In 1981, the Mid-Willamette Growers Association tested the market in Corvallis and, with assistance from Community Services Consortium, opened the first Wednesday farmers market in the city near the downtown fire station. By 1987, the Corvallis and Albany markets would be two of only 12 in the state of Oregon. The Corvallis and Albany markets evolved over the years — Wednesday's Corvallis market used to be far more popular than its Saturday counterpart — but neither was ever in danger of closing, Landis said.

“Markets, just like the farms, always have ups and downs,” Landis said. “We didn’t really keep track of numbers back then, but from what I know, it was always popular here. Corvallis is unusually primed for such a thing. I don’t whether it’s because it’s a college town or what, but people here really appreciate it.”

The new seedlings

In the 1970s, the Kapuler family in Corvallis began purchasing hybrid seeds of tomatoes, growing them and then starting the process again each season, eventually creating a “dehybridized” cherry tomato. Owner and founder Alan Kapuler continued the process with other varieties of produce and started selling Peace Seeds at the beginning of the Corvallis markets.

Alan retired from the business a few years ago and today, his daughter Dylana Kapuler and Mario DiBenedetto have their own company, known as Peace Seedlings. The two are in their seventh year at the Corvallis market, and each season they bring new seeds and varieties of public domain plants commonly grown in other parts of the world that seem to thrive in Oregon.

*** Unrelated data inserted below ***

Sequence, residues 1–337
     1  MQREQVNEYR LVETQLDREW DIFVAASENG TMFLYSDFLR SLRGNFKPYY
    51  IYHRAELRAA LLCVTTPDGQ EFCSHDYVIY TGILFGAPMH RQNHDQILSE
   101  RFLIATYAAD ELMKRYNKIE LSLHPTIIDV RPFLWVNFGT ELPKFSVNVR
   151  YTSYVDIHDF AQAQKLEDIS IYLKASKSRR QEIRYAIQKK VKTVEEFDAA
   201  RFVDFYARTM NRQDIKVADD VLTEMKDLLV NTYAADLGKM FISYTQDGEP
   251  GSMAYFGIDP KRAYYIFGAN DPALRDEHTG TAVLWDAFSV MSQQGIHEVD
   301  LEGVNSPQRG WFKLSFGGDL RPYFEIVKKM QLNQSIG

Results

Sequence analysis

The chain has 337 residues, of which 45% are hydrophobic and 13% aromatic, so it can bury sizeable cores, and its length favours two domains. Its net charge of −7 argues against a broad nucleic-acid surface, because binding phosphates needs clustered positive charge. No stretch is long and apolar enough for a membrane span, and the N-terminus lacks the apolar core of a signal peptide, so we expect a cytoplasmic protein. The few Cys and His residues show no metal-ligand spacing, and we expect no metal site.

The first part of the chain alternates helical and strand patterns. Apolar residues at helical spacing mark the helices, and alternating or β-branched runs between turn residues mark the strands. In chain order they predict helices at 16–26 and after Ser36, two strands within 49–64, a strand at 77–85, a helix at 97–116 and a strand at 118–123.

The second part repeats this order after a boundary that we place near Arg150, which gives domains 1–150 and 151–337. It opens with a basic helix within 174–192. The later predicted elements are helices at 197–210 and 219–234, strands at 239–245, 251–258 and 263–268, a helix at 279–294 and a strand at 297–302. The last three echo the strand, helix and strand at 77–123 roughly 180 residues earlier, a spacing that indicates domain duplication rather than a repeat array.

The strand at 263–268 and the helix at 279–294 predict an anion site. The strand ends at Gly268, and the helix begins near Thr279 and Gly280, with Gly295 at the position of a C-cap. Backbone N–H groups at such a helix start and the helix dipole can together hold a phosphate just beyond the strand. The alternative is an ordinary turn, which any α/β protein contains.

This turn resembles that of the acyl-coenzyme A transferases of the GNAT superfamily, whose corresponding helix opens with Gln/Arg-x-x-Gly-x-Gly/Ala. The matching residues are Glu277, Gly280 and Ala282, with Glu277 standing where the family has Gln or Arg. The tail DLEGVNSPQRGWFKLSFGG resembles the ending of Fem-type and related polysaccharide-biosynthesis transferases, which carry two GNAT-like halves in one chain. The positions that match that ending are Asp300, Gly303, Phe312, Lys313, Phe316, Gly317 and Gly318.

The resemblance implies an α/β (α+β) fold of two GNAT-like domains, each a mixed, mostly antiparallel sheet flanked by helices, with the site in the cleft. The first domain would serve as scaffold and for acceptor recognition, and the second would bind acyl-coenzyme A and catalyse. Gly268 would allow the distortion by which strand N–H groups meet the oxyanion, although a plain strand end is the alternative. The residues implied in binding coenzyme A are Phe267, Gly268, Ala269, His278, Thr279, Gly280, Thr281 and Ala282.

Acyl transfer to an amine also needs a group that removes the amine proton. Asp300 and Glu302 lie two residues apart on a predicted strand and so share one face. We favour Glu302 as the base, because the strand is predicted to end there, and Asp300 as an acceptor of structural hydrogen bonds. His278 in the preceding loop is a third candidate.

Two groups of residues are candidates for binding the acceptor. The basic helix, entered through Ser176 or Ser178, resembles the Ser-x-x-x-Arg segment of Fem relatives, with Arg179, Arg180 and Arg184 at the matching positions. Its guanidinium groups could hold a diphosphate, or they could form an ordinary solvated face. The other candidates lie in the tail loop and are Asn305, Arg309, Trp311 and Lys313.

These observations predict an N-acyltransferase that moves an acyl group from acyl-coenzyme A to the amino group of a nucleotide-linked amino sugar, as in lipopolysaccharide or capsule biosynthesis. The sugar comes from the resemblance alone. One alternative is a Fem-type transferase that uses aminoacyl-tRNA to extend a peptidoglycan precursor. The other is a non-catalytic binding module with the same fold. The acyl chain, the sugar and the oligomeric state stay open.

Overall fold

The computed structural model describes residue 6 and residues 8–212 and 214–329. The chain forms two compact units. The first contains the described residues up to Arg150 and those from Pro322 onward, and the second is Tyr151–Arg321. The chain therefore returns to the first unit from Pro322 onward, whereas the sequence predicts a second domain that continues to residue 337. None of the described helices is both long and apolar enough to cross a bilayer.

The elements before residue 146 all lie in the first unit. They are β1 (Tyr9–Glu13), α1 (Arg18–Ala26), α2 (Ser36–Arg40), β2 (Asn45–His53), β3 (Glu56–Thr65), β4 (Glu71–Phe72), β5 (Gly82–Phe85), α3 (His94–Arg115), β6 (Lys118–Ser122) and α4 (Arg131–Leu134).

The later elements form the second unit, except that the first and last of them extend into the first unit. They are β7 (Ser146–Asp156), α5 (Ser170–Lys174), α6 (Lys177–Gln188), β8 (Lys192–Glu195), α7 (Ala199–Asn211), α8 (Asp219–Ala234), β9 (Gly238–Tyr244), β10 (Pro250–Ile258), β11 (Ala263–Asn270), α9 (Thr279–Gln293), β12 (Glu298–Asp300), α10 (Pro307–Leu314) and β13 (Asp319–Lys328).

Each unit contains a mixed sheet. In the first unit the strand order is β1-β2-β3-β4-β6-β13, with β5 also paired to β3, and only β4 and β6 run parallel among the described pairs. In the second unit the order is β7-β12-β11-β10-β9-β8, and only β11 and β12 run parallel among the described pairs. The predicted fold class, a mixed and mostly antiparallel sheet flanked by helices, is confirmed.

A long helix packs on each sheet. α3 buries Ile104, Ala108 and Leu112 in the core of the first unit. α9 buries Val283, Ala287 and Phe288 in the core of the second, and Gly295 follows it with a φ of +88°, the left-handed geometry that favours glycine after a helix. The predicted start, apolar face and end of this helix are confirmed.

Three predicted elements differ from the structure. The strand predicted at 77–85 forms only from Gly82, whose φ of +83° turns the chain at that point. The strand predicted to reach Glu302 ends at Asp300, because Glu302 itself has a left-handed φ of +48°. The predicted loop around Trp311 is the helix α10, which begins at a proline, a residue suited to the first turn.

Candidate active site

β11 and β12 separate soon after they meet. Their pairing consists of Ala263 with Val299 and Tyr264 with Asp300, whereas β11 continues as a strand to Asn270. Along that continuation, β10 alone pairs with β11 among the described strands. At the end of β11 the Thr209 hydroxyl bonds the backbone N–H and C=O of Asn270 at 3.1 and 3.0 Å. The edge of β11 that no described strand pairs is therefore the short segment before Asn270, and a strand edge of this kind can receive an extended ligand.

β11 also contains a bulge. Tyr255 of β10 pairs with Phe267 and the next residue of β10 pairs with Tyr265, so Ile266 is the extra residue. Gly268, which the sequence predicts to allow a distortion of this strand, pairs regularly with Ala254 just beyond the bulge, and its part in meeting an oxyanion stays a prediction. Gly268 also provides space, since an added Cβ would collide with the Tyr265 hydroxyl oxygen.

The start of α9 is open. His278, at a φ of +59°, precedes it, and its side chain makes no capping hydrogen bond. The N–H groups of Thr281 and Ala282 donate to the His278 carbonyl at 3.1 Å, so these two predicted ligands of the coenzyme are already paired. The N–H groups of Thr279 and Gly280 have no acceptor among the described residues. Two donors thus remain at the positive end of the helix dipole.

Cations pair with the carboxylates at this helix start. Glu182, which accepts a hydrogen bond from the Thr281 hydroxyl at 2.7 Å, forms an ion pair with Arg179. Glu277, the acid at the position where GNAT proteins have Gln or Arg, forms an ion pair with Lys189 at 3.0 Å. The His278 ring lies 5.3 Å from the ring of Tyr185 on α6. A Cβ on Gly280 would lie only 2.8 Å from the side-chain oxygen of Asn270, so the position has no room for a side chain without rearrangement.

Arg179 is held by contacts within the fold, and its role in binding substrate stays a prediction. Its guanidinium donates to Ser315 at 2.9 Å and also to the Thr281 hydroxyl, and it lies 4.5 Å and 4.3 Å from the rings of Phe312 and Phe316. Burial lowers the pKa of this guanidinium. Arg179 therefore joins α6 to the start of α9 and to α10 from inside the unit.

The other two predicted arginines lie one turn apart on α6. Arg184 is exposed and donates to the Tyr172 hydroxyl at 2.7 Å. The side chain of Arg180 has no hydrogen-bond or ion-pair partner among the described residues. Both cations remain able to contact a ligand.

“My parents were among the founders here and I grew up coming to the market with my parents,” Dylana Kapuler said. “(The market) is a really great way to connect and communicate with the community. You learn a lot from your customers and it’s always important for us to have that interaction. Being a part of this bigger thing and keeping it going is really awesome.”

Dylana is one of several of a new generation taking the reins from the first generation of sellers at the market and offering a new vision of the market.

“And they encouraged us to start our own business and go in the direction we wanted,” she said. “I think people are really excited to try and see new things and learn about the possibilities and that the seeds are locally grown and available. It’s something that they’re supporting and it’s great.”

Sunny skies ahead

For farming, prognosticating always is a part of the job. But even the most seasoned farmers can’t always predict every change the weather might bring. Farmers and organizers of the Corvallis and Albany farmers markets say predicting the future of the markets is even more difficult. But Landis is predicting fair weather ahead for the immediate future.

“I feel a lot of gratefulness for the fact that we’ve had this good, long run and that there is no threat of it not going into the future. It’s important that I don’t break the chain,” she said. “There is a lot of uncertainty about our food supply around the country. The drought in California is a good point for reflection on that. We’re going to have to row through the climatic and weather that is thrown at us. That’s how it is in farming and that’s how it is with the farmers market.”

Denison said he could never have predicted the growing popularity of farmers markets around the country, but always had hope and optimism for the markets in Albany and Corvallis.

“It’s our job on the farm to forecast the future and we give it our best shot. But if you look back over any five or 10-year-period, I don’t think any farmer could’ve predicted where we are now,” said Denison. “But looking at it now, when I see more and more families coming to the market and really loving the taste of fresh produce, I’d say the future looks good.”